ruud_hortensius Researcher_In_Social_and_Affective_Neuroscience

About me

I'm a postdoctoral researcher in the Social Brain in Action Laboratory within the Institute of Neuroscience and Psychology, University of Glasgow, Scotland. My research is advised by Professor Emily Cross and part of the Social Robots project in which we study how humans perceive and interact with robots. Specifically, I investigate social interactions with humans and artificial agents using neuroimaging,  virtual reality, brain stimulation and behavioural measures.

Prior to this I was a postdoc in the Brain and Emotion Laboratory, Maastricht University, The Netherlands and the Department of Psychiatry and Mental Health at the University of Cape Town, South Africa (2015-2016). In 2016, I defended my Ph.D.-thesis under supervision of Professor Beatrice de Gelder on the neural mechanisms of threat and distress reactivity at Tilburg University.

Before obtaining my MSc in Cognitive Neuroscience (2011), I received a BSc in Psychology (2008) and Social Work (2005). During my MSc I worked with dr. Dennis Schutter (Utrecht University) on the combination of electroencephalography and non-invasive brain stimulation in the study of neurophysiological and emotional processes. In 2010, I was a visiting graduate student in the Social Emotive Neuroscience lab of Professor Eddie Harmon-Jones (Texas A&M University, USA), and used non-invasive brain stimulation to investigate the role of the frontal cortex in aggression.

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Last update: April 11 2018 (news, publications)


*Our review paper on the attribution of socialness to artificial agents has been accepted for publication in the Annals of the New York Academy of Sciences as part of the Year in Cognitive Neuroscience issue. In this review we discuss how the cognitive reconstruction within the human observer shapes human-robot interaction at the brain and behavioural level. Read the the article here.

*A review on the perception of emotion in artificial agents has been accepted for publication in IEEE Transactions on Cognitive and Developmental Systems. In the review we integrate recent findings from social robotics, virtual reality, psychology, and neuroscience to examine how people recognize and respond to emotions displayed by robotic and virtual agents, and provide guiding principles for future development and research. Read the PsychArXiv pre-print here (official article to follow) and see the poster for the CERE conference here.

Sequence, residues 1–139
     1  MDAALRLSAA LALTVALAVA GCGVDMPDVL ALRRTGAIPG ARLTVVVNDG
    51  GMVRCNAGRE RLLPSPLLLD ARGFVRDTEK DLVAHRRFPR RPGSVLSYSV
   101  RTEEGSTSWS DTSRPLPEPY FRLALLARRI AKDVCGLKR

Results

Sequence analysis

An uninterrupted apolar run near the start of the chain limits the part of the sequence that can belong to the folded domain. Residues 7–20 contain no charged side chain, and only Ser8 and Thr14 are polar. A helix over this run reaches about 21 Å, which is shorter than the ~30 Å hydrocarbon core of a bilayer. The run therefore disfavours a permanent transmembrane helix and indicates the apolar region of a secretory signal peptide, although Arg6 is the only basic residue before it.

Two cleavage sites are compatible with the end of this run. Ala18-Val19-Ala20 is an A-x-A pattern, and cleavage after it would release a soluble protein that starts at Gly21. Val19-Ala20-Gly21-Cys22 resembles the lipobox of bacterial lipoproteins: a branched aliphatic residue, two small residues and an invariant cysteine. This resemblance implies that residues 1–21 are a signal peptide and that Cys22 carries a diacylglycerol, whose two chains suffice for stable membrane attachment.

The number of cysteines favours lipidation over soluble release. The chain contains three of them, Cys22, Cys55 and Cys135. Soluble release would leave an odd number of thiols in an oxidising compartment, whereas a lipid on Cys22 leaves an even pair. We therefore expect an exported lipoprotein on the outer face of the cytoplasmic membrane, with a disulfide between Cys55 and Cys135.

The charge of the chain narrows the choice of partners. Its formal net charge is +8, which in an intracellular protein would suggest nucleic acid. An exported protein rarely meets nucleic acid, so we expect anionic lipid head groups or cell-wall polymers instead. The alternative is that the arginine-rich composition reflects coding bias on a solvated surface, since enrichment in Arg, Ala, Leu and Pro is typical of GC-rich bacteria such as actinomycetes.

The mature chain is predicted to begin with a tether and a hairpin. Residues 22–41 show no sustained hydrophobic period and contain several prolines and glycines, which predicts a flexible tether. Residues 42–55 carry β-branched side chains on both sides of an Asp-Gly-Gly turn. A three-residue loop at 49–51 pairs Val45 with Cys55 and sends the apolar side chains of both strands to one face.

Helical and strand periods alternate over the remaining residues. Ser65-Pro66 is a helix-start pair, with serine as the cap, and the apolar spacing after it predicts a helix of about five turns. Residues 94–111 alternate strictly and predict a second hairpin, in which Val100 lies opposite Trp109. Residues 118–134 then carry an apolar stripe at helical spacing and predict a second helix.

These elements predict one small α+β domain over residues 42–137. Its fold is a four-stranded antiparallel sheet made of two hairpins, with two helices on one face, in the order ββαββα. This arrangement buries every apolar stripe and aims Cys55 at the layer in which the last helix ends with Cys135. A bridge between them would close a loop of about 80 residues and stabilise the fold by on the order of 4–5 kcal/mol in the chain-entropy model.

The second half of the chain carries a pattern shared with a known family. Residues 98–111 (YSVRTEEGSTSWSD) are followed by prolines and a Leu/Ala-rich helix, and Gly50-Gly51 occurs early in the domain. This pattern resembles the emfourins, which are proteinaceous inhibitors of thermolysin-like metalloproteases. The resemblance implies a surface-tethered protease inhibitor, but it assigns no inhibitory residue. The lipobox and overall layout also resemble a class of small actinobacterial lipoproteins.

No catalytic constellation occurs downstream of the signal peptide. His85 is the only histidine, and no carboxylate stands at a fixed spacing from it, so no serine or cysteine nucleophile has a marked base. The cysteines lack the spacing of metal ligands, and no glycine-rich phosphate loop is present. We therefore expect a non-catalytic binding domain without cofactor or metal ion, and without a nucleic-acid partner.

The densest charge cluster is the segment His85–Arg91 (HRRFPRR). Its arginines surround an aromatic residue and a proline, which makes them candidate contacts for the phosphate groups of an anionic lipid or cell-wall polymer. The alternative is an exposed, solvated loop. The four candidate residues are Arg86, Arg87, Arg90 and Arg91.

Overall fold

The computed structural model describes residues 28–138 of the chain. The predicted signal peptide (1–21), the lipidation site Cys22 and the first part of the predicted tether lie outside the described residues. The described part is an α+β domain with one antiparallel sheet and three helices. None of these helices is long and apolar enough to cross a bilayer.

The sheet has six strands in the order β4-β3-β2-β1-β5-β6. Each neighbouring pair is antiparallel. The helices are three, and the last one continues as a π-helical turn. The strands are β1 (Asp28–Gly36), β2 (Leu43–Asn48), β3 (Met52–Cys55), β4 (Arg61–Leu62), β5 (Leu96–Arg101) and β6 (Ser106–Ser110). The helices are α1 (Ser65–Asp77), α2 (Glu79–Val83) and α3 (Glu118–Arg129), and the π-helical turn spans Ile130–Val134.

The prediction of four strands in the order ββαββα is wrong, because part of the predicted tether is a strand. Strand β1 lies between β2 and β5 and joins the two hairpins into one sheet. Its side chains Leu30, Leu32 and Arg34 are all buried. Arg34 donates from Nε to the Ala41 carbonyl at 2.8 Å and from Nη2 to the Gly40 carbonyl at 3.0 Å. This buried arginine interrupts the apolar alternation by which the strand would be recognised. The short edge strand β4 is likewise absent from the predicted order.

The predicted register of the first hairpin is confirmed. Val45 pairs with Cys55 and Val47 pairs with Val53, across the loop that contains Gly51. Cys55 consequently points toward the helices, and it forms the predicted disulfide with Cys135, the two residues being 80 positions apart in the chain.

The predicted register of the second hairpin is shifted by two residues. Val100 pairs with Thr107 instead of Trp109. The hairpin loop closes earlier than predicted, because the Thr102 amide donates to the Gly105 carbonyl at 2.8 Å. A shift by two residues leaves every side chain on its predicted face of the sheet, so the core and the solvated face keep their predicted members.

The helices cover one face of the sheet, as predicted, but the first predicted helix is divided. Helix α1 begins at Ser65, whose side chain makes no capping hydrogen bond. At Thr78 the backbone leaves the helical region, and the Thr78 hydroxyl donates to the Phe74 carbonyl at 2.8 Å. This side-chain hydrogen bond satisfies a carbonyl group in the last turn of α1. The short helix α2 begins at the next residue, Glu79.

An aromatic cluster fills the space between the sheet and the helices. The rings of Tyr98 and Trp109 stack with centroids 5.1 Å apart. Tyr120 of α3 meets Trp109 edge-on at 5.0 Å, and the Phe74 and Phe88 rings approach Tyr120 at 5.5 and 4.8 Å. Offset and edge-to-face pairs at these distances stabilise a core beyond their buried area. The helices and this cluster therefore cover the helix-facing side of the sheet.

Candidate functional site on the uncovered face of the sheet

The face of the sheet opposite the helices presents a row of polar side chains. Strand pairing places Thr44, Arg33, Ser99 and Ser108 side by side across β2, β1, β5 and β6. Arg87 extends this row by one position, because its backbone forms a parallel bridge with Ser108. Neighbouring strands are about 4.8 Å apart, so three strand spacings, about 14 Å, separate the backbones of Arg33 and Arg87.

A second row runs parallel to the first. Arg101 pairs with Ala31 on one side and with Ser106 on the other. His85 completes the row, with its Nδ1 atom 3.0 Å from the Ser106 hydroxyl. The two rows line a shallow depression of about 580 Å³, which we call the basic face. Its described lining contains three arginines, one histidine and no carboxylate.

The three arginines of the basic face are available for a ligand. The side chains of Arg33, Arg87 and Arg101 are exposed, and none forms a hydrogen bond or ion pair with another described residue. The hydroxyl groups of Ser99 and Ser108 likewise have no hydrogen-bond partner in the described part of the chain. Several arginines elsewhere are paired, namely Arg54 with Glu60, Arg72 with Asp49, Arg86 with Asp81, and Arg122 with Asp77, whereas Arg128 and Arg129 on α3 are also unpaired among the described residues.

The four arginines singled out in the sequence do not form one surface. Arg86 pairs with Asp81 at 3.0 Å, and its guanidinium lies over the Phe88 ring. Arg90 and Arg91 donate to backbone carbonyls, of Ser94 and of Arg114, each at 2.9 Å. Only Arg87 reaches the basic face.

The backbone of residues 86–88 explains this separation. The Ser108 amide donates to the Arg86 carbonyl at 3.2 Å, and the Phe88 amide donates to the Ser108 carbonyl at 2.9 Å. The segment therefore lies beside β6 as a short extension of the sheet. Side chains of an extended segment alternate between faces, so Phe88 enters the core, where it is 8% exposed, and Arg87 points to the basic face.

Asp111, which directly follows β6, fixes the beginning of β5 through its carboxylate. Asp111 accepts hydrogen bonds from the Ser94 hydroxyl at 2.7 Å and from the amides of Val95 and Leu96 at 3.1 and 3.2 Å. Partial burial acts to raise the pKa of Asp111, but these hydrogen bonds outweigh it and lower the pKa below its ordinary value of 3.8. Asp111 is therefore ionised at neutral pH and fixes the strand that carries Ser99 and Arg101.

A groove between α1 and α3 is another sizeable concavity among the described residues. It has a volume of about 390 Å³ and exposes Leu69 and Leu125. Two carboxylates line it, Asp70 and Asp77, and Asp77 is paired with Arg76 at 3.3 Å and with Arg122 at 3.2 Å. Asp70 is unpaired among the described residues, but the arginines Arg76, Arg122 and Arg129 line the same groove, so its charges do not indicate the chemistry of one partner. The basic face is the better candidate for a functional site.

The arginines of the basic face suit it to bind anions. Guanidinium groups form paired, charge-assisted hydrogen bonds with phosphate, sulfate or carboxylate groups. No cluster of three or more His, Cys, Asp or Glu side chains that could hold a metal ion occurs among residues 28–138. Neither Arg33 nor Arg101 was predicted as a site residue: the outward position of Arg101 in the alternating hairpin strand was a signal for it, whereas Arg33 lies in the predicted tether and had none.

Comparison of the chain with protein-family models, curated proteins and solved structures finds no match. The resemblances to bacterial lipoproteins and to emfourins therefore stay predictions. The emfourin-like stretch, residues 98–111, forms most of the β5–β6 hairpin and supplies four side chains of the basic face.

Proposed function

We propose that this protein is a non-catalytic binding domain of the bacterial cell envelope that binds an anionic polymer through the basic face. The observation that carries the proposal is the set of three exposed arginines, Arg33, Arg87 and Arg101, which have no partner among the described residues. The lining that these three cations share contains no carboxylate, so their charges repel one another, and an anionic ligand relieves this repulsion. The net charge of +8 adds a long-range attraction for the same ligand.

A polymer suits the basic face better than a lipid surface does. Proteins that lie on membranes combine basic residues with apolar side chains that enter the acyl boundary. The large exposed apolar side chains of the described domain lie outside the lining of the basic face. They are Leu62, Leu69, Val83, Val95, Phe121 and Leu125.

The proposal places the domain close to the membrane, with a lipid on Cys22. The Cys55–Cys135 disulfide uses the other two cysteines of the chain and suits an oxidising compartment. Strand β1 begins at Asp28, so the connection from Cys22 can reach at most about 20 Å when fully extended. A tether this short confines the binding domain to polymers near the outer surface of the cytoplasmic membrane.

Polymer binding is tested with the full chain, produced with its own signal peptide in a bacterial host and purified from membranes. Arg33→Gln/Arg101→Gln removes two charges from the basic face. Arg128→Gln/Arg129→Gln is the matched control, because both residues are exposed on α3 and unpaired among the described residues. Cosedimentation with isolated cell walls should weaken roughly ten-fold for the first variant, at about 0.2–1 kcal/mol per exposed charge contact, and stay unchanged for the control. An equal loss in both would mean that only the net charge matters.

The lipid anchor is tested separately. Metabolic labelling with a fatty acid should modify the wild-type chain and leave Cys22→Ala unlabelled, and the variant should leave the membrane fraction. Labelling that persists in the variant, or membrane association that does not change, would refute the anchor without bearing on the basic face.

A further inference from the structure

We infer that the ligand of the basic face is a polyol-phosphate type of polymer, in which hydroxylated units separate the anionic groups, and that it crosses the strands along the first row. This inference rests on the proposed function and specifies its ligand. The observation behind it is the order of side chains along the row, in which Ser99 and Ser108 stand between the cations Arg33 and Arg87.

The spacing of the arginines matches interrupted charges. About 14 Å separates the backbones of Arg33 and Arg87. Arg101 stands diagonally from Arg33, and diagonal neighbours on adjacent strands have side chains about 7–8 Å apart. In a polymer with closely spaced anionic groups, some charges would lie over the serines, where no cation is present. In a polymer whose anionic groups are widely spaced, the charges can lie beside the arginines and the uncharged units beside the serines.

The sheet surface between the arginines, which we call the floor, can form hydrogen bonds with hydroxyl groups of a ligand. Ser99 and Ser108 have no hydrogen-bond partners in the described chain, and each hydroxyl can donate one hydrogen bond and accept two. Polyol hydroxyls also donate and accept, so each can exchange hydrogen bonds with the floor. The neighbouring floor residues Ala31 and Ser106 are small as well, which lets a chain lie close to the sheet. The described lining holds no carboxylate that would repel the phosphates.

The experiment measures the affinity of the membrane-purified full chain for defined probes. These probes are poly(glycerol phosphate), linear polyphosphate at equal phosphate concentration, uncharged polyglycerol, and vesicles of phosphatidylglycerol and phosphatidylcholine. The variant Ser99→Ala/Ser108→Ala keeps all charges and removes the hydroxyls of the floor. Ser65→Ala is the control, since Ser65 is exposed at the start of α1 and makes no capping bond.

*A paper has been accepted in PLoS ONE in which we assess the relation between bystanders' behavioral reactivity to distress and later helping behavior during a violent conflict in virtual reality. This is work that is part of a collaboration with Solène Neyret and Mel Slater from the EVENT lab (Barcelona) and Beatrice de Gelder from the Brain and Emotion Lab (Maastricht).

---Recent highlights---

*The  workshop on “Cognitive and Social Neuroscience Methods for HRI” held at the 13th Annual ACM/IEEE International Conference on Human Robot Interaction was a blast! Thanks to all the speakers and attendees, check the website for the slides of the talks! The main HRI 2018 conference was very interesting and motivating.

*A popularity contest in the robotic petting zoo! Together with artist-in-residency Merel Bekking, we created an interactive public art performance. In this robotic petting zoo, a small group of vacuuming robots, all with unique characters, competed in a popularity contest. So much fun! Please check this page, the website or this BBC piece for more information.

*Very proud on a forthcoming publication in Current Directions in Psychological Science. Together, with Beatrice de Gelder I propose a new theoretical perspective on bystander apathy that integrates emotional, motivational and dispositional aspects.

*I played a minor role in a project that used immersive virtual reality to induce a full body ownership illusion that allows offenders to become the victim of domestic abuse. The goal is to use this to decrease domestic abuse. Read it here! Check out the press coverage here.